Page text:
In The Zone of Interest, evil is outside the frame. It occasionally intrudes into it, but barely stirs the workings of a family. Perhaps we can better understand Arendt's point regarding the loss of a vibrant public sphere, typical in highly totalitarian societies, concomitant with the retreat into the private sphere. Our apathy/pessimism/cynicism towards the Public become the origins of Evil itself, the idea that the closure/blockage of an agonistic public sphere while replacing it with private pastoral concerns (Heimat) and instrumental technocratic machinations, results in a society that could and would inevitably sleepwalk into the allures of totalitarianism by a few charismatic men.
I have not seen Zone, but several of the still shots I have seen seem like re-enactments of some film shot in the actual place and time that I have seen. Whoever shot that original film was obviously attempting to make life in that Hell look normal and benign, like shots of Hoss's kids playing in the "back yard", etc. Horror being "Outside the frame" was the whole point. It's puzzling to me because, being that the German people didn't have to see this and had their lives dominated by propaganda anyway, some combination of that and denial insulated them from it. What's really bizarre is the question about who was the intended audience and why those people would want to document this. That goes beyond me.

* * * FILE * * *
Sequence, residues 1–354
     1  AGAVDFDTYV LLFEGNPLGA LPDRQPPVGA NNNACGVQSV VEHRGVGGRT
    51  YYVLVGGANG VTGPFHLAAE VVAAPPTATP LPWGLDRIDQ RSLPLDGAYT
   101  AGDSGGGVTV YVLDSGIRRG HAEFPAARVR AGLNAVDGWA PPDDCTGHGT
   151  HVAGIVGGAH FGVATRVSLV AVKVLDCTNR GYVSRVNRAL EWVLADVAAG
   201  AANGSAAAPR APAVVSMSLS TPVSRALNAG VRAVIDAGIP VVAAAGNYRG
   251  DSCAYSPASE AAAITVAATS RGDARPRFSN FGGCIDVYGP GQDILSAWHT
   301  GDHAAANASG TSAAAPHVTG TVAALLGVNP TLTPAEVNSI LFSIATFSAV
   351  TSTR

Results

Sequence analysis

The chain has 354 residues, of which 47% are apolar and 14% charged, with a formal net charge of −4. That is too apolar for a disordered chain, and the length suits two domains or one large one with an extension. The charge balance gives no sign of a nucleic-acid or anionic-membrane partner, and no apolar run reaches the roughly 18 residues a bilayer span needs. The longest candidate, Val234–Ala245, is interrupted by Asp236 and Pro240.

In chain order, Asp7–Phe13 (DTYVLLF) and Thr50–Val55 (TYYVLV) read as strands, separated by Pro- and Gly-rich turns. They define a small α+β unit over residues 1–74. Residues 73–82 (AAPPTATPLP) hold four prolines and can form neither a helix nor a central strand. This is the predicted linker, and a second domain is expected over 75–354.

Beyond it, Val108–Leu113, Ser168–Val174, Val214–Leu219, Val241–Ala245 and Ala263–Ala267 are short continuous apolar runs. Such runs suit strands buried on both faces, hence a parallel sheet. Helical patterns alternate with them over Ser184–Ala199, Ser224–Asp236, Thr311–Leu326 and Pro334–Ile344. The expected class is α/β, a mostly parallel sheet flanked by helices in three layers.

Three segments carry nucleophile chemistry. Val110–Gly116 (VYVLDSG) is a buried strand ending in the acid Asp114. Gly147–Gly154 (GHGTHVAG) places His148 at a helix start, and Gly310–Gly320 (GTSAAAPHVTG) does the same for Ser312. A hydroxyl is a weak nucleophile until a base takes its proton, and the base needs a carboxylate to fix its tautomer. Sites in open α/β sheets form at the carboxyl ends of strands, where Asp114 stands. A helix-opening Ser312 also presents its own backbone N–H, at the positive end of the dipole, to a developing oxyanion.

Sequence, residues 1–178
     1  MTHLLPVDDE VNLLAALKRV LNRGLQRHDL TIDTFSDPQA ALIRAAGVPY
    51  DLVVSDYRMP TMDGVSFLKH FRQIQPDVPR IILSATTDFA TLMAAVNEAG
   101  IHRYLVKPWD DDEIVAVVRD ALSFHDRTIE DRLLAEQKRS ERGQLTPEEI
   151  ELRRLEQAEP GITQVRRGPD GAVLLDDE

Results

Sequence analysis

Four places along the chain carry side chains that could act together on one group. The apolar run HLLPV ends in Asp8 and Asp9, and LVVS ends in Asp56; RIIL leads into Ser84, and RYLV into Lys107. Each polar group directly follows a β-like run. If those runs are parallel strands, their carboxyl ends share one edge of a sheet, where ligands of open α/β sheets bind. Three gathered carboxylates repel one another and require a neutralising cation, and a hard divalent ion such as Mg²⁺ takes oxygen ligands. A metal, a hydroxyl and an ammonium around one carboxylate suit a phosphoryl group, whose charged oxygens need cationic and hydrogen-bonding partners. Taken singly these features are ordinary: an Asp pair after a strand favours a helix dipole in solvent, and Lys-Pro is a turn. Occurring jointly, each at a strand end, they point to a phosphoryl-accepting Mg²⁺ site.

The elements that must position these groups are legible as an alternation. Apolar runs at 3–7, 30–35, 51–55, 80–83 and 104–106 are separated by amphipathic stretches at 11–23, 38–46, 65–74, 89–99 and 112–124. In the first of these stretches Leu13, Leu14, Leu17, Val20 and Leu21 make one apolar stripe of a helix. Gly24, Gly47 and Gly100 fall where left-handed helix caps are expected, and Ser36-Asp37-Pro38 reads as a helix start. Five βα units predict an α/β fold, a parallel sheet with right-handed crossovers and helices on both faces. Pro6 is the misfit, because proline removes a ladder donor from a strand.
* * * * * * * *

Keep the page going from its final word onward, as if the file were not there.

Having seen more than enough actual film and still images of that time and place and having met several people who were actually there, I have a weird attitude, like who needs another movie about this but at the same time, not forgetting about it. I don't know what to do with it, but, so far, nobody I know wants to see it with me, so I've put it off until I can stream it for as much as I'm willing to pay for a movie that I will only watch in fragmentary parts.